Leaders involved in this year's United Way fundraising campaign watched their game film on the Allen Fieldhouse scoreboard, ate their team meal in the fieldhouse's exclusive Naismith Room and accepted congratulations and encouragement from Lew Perkins, athletics director at Kansas University.
No wonder campaign officials were motivated Wednesday to press on with the task at hand: raising $1.72 million for the United Way of Douglas County and the 25 agencies it supports.
"This has been a championship year for KU in all ways and kinds and forms," campaign chairwoman Judy Wright said of KU's NCAA basketball title, Orange Bowl championship and academic achievements. "I see us just carrying on with that same thing.
"We're going to be winners here. We're going to make this work for Douglas County, and it's going to be meaningful for all the public in our community."
Wright, an assistant vice president for the KU Endowment Association, welcomed plenty of campaign help Wednesday, during the official kickoff breakfast at Allen Fieldhouse.
More than 130 people attended the event, which served two purposes:
¢ Launching the overall campaign, during which others throughout Douglas County will be asked to donate money to help fund the health and human services agencies supported by United Way. The campaign runs through Nov. 14.
¢ Wrapping up the Pacesetter portion of the campaign, during which 24 participating employers spent the previous four weeks generating pledges and donations. They recorded a total of $471,112, up nearly 3 percent from the $458,284 announced at this time a year ago.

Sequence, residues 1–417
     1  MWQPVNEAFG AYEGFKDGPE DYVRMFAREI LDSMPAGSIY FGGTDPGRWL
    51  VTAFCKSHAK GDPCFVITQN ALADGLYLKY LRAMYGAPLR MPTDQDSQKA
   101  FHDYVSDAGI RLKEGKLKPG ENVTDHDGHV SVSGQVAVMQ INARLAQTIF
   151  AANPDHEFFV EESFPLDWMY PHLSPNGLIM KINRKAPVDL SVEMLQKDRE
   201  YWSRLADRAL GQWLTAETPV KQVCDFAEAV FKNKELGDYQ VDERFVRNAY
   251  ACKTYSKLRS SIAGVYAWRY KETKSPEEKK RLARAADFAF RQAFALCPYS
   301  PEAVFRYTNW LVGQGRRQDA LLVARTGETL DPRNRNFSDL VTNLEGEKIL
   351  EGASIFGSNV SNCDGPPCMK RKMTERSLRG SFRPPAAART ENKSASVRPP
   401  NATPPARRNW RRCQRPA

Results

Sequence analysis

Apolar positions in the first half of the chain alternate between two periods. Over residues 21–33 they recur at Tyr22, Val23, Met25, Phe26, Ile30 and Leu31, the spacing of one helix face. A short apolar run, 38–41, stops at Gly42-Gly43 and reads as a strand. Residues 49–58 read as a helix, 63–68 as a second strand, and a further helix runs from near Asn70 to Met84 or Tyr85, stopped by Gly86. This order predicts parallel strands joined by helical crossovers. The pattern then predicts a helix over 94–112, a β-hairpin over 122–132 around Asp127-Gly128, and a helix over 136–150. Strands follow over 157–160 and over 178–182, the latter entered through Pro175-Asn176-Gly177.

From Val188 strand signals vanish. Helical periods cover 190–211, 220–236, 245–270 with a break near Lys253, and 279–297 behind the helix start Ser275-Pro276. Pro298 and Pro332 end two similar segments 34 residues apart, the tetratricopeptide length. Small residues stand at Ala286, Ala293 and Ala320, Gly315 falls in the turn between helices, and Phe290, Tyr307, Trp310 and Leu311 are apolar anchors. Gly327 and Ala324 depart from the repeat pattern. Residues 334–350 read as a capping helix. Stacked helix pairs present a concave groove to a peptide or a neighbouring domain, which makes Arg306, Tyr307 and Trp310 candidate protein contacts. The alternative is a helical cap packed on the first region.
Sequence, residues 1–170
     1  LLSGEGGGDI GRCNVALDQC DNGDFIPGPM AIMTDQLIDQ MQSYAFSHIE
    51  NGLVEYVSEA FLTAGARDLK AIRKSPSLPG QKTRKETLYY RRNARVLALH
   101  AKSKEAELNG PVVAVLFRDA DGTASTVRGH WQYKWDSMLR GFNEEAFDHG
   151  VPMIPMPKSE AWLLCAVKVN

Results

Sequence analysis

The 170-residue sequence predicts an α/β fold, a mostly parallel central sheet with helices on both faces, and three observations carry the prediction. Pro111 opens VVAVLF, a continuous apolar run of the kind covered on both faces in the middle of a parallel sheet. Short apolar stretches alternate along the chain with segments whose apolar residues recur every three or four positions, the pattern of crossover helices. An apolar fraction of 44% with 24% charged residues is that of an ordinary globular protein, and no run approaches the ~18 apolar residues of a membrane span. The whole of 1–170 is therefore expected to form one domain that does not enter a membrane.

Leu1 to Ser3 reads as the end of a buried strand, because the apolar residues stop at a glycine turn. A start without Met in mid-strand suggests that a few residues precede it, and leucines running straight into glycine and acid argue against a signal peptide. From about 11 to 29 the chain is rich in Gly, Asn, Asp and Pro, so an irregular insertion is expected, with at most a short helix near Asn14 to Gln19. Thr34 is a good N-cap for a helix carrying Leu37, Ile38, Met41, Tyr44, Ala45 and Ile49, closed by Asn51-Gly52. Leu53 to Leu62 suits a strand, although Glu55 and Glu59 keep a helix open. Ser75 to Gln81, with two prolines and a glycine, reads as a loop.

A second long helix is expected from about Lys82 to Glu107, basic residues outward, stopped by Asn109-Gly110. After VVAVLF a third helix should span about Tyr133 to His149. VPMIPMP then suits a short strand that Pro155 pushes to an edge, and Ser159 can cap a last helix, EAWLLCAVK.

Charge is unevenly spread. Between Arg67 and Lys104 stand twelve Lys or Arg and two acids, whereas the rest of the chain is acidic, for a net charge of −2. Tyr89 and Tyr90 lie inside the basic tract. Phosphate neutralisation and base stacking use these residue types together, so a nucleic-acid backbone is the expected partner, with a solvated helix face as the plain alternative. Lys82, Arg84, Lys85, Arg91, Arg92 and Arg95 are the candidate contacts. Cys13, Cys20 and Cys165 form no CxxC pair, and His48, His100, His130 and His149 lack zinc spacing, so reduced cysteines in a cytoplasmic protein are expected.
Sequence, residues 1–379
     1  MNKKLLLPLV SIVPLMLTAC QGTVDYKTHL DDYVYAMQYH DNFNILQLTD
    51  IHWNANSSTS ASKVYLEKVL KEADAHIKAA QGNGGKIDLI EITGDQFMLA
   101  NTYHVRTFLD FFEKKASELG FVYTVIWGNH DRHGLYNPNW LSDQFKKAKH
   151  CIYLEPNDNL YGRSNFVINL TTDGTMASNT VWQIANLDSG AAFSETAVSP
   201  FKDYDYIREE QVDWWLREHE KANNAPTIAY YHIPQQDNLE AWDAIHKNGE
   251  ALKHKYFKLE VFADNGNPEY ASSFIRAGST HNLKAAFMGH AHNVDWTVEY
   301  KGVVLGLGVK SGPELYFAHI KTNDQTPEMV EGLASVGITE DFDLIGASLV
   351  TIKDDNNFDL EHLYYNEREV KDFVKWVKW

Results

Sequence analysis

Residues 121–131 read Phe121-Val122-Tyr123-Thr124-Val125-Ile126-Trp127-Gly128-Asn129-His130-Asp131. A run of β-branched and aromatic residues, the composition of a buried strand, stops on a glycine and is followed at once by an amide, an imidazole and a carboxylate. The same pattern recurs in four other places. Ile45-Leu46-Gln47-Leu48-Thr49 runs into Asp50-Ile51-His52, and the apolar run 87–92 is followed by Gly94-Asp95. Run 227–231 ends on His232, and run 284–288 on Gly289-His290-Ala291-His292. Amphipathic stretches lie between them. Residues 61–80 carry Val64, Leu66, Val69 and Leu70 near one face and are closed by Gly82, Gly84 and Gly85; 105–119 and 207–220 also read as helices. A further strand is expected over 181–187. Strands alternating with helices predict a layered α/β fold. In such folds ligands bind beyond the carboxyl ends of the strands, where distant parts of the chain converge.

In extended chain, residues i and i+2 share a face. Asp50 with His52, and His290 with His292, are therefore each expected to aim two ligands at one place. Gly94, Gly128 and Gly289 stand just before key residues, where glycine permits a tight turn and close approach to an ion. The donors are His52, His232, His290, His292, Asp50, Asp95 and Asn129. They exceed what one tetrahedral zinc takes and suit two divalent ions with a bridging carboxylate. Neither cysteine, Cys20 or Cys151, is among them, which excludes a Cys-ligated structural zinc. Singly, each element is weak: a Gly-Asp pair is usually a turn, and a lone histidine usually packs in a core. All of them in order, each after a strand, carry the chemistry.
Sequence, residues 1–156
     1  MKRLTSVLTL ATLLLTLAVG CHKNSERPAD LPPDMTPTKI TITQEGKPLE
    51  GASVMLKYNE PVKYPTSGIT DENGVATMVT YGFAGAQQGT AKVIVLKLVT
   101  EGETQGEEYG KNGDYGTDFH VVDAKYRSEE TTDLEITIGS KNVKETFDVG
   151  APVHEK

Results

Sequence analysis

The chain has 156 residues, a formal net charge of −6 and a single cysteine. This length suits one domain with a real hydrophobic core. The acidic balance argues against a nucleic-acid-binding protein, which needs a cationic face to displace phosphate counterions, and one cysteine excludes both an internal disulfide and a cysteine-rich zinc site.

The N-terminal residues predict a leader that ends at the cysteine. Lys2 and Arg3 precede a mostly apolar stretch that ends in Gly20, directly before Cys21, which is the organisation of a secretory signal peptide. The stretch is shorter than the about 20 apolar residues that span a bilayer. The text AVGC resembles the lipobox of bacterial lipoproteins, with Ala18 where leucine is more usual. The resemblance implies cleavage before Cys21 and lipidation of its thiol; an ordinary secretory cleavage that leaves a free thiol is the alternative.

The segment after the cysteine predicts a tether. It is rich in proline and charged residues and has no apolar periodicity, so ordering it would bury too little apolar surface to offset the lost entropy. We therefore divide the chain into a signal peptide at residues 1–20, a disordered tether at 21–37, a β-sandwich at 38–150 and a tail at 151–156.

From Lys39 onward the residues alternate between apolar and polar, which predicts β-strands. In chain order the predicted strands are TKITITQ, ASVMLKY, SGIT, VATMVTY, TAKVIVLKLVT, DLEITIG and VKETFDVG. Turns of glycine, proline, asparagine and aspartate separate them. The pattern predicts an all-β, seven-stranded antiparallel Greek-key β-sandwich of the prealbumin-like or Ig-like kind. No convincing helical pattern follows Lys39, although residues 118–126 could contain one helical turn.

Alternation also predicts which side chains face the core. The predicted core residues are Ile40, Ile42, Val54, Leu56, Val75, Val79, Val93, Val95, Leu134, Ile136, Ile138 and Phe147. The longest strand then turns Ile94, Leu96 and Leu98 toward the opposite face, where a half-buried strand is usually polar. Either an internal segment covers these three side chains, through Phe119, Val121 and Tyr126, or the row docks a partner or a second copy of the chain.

Susan Henderson and Cindy Self, co-chairs for the Pacesetter campaign, smiled as they gathered with others in the fieldhouse stands - all in chair-back seats, at midcourt - to watch the campaign video on the scoreboard.
Self enjoyed the view, which differs from the one she gets while watching the Jayhawks that are coached by her husband, Bill.
"Basketball is fun," she said, "but this is way more important."
Nikki King wasn't about to disagree, although she found herself a bit giddy with the fieldhouse treatment. The executive director of Health Care Access, a United Way agency that provides medical care for uninsured patients, hasn't ever sat in such seats, nor dined in the Naismith Room.
King, too, is hopeful that KU's athletic success will rub off on the United Way and its potential donors.
"It's serendipitous," said King, who admitted feeling like "royalty" during the morning events. "It's great. This is bringing some added attention to the campaign this year."
Of the 24 Pacesetter organizations, 14 recorded increases in donations and pledges compared with a year ago.
Among them: Harris Construction Co. Inc., which won the Pacesetter Superstar award by recording the largest percentage increase - up 380 percent from a year ago.
The performance meant Harris employees Misty Schmidt and Phyllis Hunter received a trophy, presented by none other than Perkins himself.
"It's been a pretty awesome year," Schmidt said, of both KU athletics and the United Way campaign.
Standing beside her, Hunter couldn't suppress a smile - one produced by winning the award, then brightened by being surrounded with crimson and blue.
"Our husbands will be so jealous," she said, laughing.